A new report by the Williams Institute at UCLA School of Law finds that 85% of LGBTQ+ youth programs surveyed said unstable housing was the main reason LGBTQ+ youth had inadequate access to food. The programs highlighted other common causes of food insecurity among LGBTQ+ youth, including a lack of access to jobs that pay a livable wage, family food insecurity, a lack of family support, and transportation barriers.
Using data gathered from 73 LGBTQ+ youth programs affiliated with the CenterLink network or identified through a targeted internet search, researchers examined the programs' experiences and perspectives on addressing food insecurity among LGBTQ+ youth.
Half of the LGBTQ+ youth programs surveyed reported that over 20% of the young people they serve often did not have enough food to eat in the past week. The most successful support strategies aligned with the multi-faceted needs of LGBTQ+ youth. These included providing meals or snacks directly, offering a food pantry, and giving gift cards to grocery stores or restaurants. However, strategies that required time and travel (such as referrals to off-site food pantries) or administrative hurdles (such as SNAP enrollment) were less successful.
"Community-based LGBTQ+ youth programs are feeding youth. With additional support, these organizations could grow their capacity and expand food access for LGBTQ+ youth." said lead author Kerith J. Conron, Research Director at the Williams Institute. "While initiatives like the National School Lunch and National School Breakfast Program are reliable sources of food for millions of U.S. students, LGBTQ+ youth may not have the same opportunities to participate in them due to stigma and harassment."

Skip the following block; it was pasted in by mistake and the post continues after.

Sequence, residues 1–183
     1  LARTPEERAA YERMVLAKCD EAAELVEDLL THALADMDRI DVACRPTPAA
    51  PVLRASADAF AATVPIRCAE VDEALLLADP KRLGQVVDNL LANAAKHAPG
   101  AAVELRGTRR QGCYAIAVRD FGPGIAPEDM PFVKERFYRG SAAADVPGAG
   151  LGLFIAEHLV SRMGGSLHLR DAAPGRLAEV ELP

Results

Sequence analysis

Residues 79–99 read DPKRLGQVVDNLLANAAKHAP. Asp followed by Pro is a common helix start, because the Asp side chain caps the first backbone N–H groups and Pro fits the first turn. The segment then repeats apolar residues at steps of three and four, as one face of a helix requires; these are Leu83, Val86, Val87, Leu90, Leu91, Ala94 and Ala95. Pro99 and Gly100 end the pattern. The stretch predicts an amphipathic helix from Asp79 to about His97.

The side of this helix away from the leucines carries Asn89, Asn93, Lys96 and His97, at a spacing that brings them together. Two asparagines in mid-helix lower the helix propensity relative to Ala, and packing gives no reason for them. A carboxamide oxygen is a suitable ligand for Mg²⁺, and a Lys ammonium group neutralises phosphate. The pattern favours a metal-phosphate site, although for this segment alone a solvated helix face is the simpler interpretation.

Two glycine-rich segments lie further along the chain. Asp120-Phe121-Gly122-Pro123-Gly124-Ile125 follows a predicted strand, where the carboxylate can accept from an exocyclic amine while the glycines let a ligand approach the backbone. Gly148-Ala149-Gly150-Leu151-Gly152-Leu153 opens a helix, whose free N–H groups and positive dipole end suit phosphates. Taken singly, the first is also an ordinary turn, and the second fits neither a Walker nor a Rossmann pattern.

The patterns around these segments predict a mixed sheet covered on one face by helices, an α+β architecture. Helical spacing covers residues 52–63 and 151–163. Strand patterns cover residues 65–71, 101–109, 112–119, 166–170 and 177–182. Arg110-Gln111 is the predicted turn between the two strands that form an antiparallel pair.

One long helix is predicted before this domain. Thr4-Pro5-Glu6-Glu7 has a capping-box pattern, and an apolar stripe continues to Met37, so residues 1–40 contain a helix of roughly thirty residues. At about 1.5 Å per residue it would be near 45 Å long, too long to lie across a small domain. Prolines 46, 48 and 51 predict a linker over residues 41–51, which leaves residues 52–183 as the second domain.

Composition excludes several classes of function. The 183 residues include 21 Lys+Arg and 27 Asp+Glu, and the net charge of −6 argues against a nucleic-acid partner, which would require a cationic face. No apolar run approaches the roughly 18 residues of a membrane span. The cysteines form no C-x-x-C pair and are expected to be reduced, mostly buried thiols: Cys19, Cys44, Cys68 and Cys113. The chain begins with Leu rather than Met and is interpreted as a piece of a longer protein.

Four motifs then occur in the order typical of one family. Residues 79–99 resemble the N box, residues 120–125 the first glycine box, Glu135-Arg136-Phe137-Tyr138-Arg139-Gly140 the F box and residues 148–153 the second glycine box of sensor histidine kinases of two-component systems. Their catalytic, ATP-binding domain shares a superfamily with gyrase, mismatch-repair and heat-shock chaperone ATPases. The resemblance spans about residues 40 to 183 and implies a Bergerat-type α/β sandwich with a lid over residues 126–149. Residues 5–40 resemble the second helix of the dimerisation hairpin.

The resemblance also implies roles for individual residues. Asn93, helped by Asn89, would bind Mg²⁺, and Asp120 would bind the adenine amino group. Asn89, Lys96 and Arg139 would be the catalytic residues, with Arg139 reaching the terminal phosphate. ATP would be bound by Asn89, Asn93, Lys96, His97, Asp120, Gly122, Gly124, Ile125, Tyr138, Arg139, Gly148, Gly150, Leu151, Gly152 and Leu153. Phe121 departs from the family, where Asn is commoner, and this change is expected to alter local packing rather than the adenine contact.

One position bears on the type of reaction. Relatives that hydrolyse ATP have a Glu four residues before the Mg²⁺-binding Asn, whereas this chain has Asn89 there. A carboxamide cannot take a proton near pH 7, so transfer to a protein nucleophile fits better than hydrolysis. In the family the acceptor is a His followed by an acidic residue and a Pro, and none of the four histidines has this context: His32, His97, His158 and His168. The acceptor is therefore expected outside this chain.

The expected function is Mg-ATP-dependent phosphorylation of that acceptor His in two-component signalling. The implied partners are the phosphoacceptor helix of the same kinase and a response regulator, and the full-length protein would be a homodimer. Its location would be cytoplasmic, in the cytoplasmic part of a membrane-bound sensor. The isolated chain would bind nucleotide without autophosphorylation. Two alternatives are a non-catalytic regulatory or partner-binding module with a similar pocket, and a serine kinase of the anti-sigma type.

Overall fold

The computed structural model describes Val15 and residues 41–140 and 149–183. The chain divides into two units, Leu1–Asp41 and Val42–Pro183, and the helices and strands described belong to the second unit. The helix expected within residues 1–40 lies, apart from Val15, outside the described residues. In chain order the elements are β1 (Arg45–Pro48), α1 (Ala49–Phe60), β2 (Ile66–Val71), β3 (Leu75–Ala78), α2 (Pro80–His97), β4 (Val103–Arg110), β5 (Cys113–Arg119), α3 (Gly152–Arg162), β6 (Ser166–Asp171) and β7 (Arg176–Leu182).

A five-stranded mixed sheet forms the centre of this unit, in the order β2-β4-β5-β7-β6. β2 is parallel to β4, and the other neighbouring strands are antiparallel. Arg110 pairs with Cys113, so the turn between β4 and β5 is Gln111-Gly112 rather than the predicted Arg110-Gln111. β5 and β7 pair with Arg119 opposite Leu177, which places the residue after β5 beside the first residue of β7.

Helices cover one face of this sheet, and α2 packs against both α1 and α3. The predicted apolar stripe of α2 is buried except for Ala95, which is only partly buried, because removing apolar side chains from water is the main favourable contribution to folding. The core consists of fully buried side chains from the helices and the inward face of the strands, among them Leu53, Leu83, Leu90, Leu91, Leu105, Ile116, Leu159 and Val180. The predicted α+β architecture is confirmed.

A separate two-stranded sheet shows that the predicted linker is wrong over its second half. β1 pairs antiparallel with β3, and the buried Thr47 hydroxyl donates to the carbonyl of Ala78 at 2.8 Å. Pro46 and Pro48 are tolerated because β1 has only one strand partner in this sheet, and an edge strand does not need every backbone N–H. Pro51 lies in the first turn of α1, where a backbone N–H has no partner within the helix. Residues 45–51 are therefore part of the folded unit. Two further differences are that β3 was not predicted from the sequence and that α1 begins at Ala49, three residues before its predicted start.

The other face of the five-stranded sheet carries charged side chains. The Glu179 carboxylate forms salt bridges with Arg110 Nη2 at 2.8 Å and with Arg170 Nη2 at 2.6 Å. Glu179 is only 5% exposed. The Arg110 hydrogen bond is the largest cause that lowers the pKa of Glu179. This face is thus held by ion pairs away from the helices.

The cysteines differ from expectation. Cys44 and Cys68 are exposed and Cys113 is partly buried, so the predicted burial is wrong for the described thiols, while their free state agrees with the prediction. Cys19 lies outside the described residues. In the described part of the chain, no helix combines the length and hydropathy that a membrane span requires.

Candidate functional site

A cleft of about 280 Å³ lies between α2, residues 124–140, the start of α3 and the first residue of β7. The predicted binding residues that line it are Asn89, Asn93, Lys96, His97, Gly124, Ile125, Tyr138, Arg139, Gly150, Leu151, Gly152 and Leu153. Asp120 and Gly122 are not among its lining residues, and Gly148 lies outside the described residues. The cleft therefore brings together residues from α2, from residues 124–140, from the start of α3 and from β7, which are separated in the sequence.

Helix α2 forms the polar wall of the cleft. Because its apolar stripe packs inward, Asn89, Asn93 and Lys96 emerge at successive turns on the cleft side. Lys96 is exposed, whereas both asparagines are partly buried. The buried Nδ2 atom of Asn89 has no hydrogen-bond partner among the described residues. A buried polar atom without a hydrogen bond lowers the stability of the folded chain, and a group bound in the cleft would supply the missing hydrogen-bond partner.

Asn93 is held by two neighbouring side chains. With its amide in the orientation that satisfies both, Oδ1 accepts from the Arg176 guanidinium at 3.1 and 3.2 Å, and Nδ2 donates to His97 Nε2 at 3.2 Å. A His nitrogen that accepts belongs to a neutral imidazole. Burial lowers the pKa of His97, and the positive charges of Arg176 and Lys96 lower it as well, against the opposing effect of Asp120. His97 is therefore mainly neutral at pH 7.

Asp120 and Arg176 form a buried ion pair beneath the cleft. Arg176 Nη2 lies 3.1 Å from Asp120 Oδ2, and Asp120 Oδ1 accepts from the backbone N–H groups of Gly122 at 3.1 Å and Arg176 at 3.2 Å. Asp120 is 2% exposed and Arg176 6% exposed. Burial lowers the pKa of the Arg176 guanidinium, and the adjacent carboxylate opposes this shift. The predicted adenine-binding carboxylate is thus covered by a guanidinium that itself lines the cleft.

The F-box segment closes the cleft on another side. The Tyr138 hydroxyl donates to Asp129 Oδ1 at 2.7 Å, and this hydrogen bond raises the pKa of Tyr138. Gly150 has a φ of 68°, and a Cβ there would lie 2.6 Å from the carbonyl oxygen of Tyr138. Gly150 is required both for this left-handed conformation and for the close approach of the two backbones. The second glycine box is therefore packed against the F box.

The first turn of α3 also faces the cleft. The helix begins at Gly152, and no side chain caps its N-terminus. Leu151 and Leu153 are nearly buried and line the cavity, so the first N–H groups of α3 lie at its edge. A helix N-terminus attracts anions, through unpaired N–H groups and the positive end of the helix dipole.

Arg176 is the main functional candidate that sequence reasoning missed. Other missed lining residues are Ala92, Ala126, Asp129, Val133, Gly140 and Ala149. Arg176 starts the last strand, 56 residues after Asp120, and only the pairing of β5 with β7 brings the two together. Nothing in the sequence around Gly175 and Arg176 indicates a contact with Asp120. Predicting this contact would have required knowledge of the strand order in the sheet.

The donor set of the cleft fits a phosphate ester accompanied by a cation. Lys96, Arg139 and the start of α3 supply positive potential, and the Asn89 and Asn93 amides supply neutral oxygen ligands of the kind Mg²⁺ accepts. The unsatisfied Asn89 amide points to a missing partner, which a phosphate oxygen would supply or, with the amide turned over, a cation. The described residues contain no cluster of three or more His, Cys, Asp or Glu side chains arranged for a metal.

The most frequently cited sources of food for LGBTQ+ youth were food pantries or kitchens (92%), chosen family or friends (82%), and school meals (73%).
Only 60% of programs identified family of origin as a food source for the youth they serve, just slightly more than the percentage (56%) who identified obtaining food through street economies, such as sex work, the drug trade, and other nontraditional exchanges.
Among the programs that reported providing food directly to LGBTQ+ youth, less than half (42%) offered access to food daily, and over one-third offered food less than once a week or only on a case-by-case basis.
When LGBTQ+ youth programs were asked about broader changes for improving youth access to food, the majority prioritized access to transitional housing (77%), affordable housing (58%), and housing vouchers for youth ages 18 to 25 (55%).
Programs also recommended the following broader changes:
Increasing the minimum wage (51%)
Changing SNAP eligibility criteria (43%)
Free or discounted transit passes (41%)
Changing identity document laws (30%)
Read the report: https://williamsinstitute.law.ucla.edu/publications/lgbtq-youth-orgs-hunger/
The Williams Institute, in partnership with the Boston Alliance of LGBTQ+ Youth("BAGLY" Inc.) and No Kid Hungry, held a convening in September 2023 of community-based organizations working at the intersections of food, employment, and LGBTQ youth to discuss effective strategies and common barriers to employment.
Read a summary report of the convening: williamsinstitute.law.ucla.edu/publications/no-kid-hungry-convening/ .
The Williams Institute at UCLA School of Law, a think tank on sexual orientation and gender identity law and public policy, is dedicated to conducting rigorous, independent research with real-world relevance.